Read about NYC's best theatre and dance productions and watch video interviews with innovative artists
Playwright Kate Benson and director Lee Sunday Evans deliver a feminist take on the rom-com
When [PORTO] begins, there's nothing to see. The theatre stays dark and the curtain doesn't rise. Then an unidentified voice over the God Mic starts describing how sausage gets made in such excruciating detail that some audience members audibly groan.
According to director Lee Sunday Evans, it's a metaphor that "asks us to understand the details behind something we take for granted." For [PORTO] playwright Kate Benson, who also serves as the show's offstage omniscient narrator, one of the things we don't think enough about is the inner workings of a woman's mind.
After a well-reviewed world premiere as part of last year's Exponential Festival, [PORTO] is enjoying an encore run at the WP Theater in a coproduction with The Bushwick Starr in association with New Georges. The surreal romp focuses on a smart but lonely young woman named Porto (played by Julia Sirna-Frest) who spends an inordinate amount of time pondering the rules of modern romance while boozing in a bougie Brooklyn bar. Benson began writing the show years ago while in grad school. After working with Evans on the Obie-winning A Beautiful Day in November on the Banks of the Greatest of the Great Lakes in 2015, Benson decided she wanted to show "all of her writing" to the director and handed her the script.
Benson says [PORTO] began as an interrogation of the "boy rom-com," i.e. those Judd Apatow movies where the dude is complicated and charming and the lady is two-dimensional and hot. "No one was thinking about the woman's experience in those movies," she explains. "The woman who has a job and a life and walks into a room of grown men playing video games."
But as Benson continued writing, the show evolved from a critique of Hollywood's inherent sexism into something more personal: her own struggles as a woman in a male-dominated society. "I felt the rage of living in a patriarchal society bubbling up, but it was hard to manifest the proud righteousness that I wanted to in my life," she says. "I felt like that stuff was taking a long time to sink down into my consciousness so it would affect my actions."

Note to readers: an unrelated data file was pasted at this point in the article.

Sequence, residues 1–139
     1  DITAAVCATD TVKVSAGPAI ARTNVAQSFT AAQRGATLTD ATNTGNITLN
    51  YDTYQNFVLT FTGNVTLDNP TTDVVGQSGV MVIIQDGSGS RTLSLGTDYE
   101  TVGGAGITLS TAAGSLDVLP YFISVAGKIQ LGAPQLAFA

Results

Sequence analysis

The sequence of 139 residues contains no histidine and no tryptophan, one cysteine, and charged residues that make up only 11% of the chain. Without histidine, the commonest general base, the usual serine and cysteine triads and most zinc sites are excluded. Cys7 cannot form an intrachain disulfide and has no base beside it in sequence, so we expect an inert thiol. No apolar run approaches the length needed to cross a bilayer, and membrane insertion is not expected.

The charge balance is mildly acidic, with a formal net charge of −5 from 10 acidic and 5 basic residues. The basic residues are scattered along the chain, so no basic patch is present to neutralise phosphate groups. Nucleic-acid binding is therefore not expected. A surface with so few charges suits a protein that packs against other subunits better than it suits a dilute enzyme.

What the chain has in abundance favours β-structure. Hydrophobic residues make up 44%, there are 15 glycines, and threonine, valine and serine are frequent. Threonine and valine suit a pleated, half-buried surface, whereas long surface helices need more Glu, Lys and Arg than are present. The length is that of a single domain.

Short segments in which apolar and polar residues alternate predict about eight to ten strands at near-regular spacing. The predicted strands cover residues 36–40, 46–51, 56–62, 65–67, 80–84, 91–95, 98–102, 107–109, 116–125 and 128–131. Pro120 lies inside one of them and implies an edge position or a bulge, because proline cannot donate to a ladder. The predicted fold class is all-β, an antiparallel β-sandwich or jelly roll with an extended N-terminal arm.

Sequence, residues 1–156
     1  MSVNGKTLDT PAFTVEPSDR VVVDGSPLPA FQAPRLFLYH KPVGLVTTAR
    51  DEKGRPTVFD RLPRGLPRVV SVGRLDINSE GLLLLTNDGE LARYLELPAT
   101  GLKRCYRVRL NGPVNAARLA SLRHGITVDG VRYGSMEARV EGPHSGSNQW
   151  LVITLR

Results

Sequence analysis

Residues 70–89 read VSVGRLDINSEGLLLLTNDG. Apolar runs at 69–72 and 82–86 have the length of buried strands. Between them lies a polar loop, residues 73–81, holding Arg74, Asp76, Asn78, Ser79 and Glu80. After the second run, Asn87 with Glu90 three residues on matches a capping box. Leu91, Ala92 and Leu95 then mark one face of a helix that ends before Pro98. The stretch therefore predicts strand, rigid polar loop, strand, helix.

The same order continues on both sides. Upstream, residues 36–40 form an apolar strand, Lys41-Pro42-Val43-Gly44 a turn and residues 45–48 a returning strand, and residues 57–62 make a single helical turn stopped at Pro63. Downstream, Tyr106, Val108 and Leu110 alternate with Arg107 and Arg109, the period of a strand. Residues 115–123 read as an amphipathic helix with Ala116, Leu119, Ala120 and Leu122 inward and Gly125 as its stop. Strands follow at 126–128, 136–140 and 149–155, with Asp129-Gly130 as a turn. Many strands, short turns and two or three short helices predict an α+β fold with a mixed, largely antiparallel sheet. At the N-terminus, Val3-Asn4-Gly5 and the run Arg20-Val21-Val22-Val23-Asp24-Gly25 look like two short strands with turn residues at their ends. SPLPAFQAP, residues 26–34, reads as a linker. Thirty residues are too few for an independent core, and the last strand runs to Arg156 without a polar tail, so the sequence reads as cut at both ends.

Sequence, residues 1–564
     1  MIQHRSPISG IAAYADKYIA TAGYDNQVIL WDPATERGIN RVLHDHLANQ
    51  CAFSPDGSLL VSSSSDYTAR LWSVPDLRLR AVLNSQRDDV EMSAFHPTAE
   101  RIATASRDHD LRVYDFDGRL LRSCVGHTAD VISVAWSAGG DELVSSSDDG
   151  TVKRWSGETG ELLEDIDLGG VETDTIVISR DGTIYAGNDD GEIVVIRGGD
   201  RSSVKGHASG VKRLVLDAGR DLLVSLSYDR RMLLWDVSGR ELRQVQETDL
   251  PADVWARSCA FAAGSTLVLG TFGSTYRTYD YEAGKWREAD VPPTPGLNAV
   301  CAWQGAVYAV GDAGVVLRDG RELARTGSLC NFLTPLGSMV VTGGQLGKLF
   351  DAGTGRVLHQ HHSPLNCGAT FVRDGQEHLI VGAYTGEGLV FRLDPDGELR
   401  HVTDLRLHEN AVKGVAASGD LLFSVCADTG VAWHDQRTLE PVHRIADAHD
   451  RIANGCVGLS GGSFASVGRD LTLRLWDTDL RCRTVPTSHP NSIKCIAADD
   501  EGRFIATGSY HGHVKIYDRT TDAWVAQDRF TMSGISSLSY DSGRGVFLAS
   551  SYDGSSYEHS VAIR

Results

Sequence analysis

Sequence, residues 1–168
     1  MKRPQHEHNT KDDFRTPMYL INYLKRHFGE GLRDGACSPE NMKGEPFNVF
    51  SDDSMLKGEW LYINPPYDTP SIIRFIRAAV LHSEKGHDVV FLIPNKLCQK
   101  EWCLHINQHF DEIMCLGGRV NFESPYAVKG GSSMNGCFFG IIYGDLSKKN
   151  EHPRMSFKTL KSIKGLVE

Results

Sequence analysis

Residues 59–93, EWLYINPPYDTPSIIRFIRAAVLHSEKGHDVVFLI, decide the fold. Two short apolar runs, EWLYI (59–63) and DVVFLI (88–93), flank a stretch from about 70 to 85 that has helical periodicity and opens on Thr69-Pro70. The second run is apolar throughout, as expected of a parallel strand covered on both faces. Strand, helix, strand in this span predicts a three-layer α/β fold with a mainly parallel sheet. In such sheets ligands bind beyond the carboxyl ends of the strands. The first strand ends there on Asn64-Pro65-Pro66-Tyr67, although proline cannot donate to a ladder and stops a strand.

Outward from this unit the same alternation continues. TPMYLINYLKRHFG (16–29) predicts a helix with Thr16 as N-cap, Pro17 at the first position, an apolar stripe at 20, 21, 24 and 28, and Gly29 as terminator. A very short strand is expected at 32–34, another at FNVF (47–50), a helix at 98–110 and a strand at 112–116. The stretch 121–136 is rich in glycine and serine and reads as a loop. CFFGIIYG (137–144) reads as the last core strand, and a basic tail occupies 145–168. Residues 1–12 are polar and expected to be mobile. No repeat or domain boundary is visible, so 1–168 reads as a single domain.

As [PORTO]'s director, Evans says she aims to make "the experience of being a woman legible" by depicting the titular character's inner life onstage. "It's really difficult to explain," she admits. "It's about a complicated idea of self in relation to romance and sex, and how that sense of self can get distorted or overpowered or questioned in a really profound way through the experience of wanting the attention of men."
In the play, the various voices in Porto's head undermine her attempts at romantic connection. There's even a nightmarish sequence when Porto's self-flagellation is suddenly verbalized by male voices, which Evans finds particularly profound. "Those entrenched mainstream sexist ideas about how women need men and how women should present themselves in order to acquire a man are pretty deep," she says.
Toward the end, two male bar employees transform into Gloria Steinem and Simone de Beauvoir and debate what Porto should do in a romantic situation. While it's played for absurd laughs, Benson believes it represents a moment of hope. "For men to play those roles, they have to understand something of what they're saying on an experiential level," she says. "I began to see that it's possible for men and women to understand each other better."
Top image: Julia Sirna-Frest in [PORTO]. Photos by Maria Baranova.